, first published in 1989. Since then, the specific threats, vulnerabilities, and controls have changed, even though many of the basic notions have remained the same.The two changes most obvious to people familiar with the previous editions are networks and encryption. Networking has evolved even since the second edition was published, and there are many new concepts to master, such as distributed denial-of-service attacks or scripted vulnerability probing. As a consequence, the networks chapter is almost entirely new. Previous editions of this book presented encryption details in the same chapter as encryption uses. Although encryption is a fundamental tool in computer security, in this edition the what is presented straightforwardly in Chapter 2, while the how is reserved for the later Chapter 10. This structure lets readers get to the technical uses of encryption in programs and networks more quickly.There are numerous other additions, of which these are the most significant ones:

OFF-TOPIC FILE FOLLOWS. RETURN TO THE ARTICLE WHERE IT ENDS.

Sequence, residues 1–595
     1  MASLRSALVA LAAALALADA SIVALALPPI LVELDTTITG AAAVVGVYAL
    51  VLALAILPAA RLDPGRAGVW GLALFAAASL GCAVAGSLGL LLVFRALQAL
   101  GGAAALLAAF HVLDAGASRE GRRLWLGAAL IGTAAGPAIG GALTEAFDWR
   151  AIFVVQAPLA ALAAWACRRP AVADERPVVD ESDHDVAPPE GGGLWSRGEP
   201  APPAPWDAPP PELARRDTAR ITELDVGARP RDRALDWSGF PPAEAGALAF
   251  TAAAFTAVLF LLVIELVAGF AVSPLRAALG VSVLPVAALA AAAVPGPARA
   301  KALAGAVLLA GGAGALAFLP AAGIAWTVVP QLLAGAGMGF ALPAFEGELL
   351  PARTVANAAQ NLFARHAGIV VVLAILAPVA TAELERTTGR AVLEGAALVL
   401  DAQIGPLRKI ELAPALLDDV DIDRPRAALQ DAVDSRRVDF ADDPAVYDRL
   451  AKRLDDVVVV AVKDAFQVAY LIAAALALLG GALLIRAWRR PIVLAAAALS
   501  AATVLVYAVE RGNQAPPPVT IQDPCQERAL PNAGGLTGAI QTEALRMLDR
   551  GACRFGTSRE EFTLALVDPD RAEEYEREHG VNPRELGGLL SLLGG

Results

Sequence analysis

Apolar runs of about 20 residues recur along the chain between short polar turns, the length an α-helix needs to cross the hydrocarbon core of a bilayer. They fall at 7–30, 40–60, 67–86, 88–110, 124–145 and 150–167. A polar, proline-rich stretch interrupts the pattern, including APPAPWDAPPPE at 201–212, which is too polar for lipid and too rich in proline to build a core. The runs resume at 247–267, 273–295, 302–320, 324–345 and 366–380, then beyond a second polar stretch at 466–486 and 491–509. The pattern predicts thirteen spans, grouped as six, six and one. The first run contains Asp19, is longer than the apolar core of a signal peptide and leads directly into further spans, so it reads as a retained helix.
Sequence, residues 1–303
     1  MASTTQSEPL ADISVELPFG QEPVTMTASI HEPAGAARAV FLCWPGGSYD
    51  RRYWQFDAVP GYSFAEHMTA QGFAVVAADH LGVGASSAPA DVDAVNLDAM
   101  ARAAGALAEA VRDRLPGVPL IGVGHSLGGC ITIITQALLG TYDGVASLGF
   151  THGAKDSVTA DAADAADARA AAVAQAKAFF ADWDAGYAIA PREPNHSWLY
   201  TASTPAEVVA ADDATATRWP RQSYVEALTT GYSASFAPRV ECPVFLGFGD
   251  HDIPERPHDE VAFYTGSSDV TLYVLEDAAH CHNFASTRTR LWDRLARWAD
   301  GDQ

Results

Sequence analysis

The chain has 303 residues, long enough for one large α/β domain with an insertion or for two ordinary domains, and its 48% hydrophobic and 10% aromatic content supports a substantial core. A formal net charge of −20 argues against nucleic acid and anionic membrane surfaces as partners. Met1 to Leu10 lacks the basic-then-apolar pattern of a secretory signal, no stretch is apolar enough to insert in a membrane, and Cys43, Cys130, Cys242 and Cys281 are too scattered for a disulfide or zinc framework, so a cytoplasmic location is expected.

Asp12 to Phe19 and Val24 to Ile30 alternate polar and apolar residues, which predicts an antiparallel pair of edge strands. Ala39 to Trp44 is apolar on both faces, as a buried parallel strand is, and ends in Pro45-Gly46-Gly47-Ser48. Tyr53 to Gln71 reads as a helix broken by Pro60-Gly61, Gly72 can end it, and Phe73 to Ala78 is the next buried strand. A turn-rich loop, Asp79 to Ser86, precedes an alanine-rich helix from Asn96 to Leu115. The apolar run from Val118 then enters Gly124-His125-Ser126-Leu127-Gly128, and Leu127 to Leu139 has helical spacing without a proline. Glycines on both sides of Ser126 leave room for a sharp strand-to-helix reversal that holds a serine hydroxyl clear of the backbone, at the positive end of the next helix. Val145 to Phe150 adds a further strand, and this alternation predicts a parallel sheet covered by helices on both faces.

- the Advanced Encryption System (AES), the replacement for the Data Encryption System (DES) from the 1970s
- programming flaws leading to security failures, highlighting buffer overflows, incomplete mediation, and time-of-check to time-of-use errors
- recent malicious code attacks, such as Code Red
- software engineering practices to improve program quality
- assurance of code quality
- authentication techniques such as biometrics and password generators
- privacy issues in database management system security
- mobile code, agents, and assurance of them
- denial-of-service and distributed denial-of-service attacks
- flaws in network protocols
- security issues in wireless computing
- honeypots and intrusion detection
- copyright controls for digital media
- threats to and controls for personal privacy
- software quality, vulnerability reporting, and vendors' responsibilities
- the ethics of hacking
In addition to these major changes, there are numerous small corrective and clarifying ones, ranging from wording changes to subtle notational changes for pedagogic reasons to replacement, deletion, rearrangement, and expansion of sections.